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Research Papers

SI-HCCI Mode Transitions Without Open-Loop Sequence Scheduling: Control Architecture and Experimental Validation

[+] Author and Article Information
Patrick Gorzelic

Department of Mechanical Engineering,
University of Michigan,
Ann Arbor, MI 48109
e-mail: pgoz@umich.edu

Anna Stefanopoulou

Department of Mechanical Engineering,
University of Michigan,
Ann Arbor, MI 48109
e-mail: annastef@umich.edu

Jeff Sterniak

Robert Bosch LLC,
Farmington Hills, MI 48331
e-mail: jeff.sterniak@us.bosch.com

Contributed by the Dynamic Systems Division of ASME for publication in the JOURNAL OF DYNAMIC SYSTEMS, MEASUREMENT, AND CONTROL. Manuscript received September 29, 2015; final manuscript received February 16, 2017; published online June 1, 2017. Assoc. Editor: Junmin Wang.

J. Dyn. Sys., Meas., Control 139(8), 081014 (Jun 01, 2017) (14 pages) Paper No: DS-15-1470; doi: 10.1115/1.4036232 History: Received September 29, 2015; Revised February 16, 2017

This paper describes a model-based feedback control method to transition from spark ignition (SI) to homogeneous charge compression ignition (HCCI) combustion in gasoline engines. The purpose of the control structure is to improve robustness and reduce calibration complexity by incorporating feedback of the engine variables into nonlinear model-based calculations that inherently generalize across operating points. This type of structure is sought as an alternative to prior SI-HCCI transition approaches that involve open-loop calibration of input command sequences that must be scheduled by operating condition. The control architecture is designed for cam switching type SI-HCCI mode transition strategies with practical two-stage cam profile hardware, which previously have only been investigated in a purely open-loop framework. Experimental results on a prototype engine show that the control architecture is able to carry out SI-HCCI transitions across the HCCI load range at 2000 rpm engine speed while requiring variation of only one major set point and three minor set points with operating condition. These results suggest a noteworthy improvement in controller generality and ease of calibration relative to previous SI-HCCI transition approaches.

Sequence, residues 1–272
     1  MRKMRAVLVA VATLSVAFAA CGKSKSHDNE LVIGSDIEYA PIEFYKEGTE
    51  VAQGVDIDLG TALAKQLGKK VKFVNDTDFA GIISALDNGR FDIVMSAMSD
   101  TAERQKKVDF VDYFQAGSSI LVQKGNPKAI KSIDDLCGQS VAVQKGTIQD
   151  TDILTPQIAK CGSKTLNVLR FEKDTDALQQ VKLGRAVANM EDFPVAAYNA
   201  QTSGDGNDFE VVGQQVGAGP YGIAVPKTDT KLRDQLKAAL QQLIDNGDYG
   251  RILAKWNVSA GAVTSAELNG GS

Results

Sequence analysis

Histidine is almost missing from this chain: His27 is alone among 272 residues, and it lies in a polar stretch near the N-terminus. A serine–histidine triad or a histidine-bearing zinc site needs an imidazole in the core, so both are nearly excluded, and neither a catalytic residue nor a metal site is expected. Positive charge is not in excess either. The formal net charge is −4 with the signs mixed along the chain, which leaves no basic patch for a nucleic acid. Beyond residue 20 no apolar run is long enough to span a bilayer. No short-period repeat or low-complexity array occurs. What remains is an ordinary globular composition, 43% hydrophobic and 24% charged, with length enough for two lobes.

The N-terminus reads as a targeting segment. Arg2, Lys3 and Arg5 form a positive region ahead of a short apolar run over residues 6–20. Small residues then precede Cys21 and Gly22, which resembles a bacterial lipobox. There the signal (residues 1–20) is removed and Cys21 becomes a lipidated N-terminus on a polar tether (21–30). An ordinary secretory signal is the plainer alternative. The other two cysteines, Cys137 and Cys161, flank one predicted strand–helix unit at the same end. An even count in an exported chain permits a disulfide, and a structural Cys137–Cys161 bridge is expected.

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References

Figures

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Fig. 1

Illustrative two-stage cam profiles to enable dual SI/HCCI operation

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Fig. 2

In-cylinder pressure data from a cam switching SI-HCCI mode transition illustrating the changes in combustion features over the course of the transition

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Fig. 3

Representative depiction of high-level actuator trajectories for SI-HCCI transition strategy. θsoi shown with reference to bTDC; all other timings shown with reference to aTDC.

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Fig. 4

Block diagram of controller for SI phase of the transition. Variable names are as defined in Table 1. P blocks indicate calculations using the plant model, and C blocks indicate output feedback controllers.

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Fig. 5

Block diagram of controller for HCCI phase of the transition. Variable names are as defined in Table 3 with xc representing combustion states. P blocks indicate calculations using the plant model, and C blocks indicate output feedback controllers.

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Fig. 6

Diagram of IMC structure. Q(z) represents a linear low-pass filter, and P and P̃ represent the true and controller model of the plant.

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Fig. 7 Top

Simulation response of θsoi−θ50 IMC loop to imposed additive model error for several tunings of the IMC filter Q(z). Middle: Repeated IMC simulation with doubled model error injection. Bottom: True and estimated Tbd state values in SI-HCCI mode transition simulation with 100 K initial estimator error.

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Fig. 8

Diagram of HCCI combustion state estimator

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Fig. 9

Controlled SI-HCCI transition at midload HCCI at 2000 rpm. Inputs shown in left column and outputs shown in right column. The first and second cylinders to enter HCCI are referred to as H1 and H2, respectively.

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Fig. 10

Controlled SI-HCCI transition experimental results across the HCCI load regime at 2000 rpm. Left: Low load of 1.8 bar NMEP Right: High load of 3.1 bar NMEP. The first and second cylinders to enter HCCI are referred to as H1 and H2, respectively.

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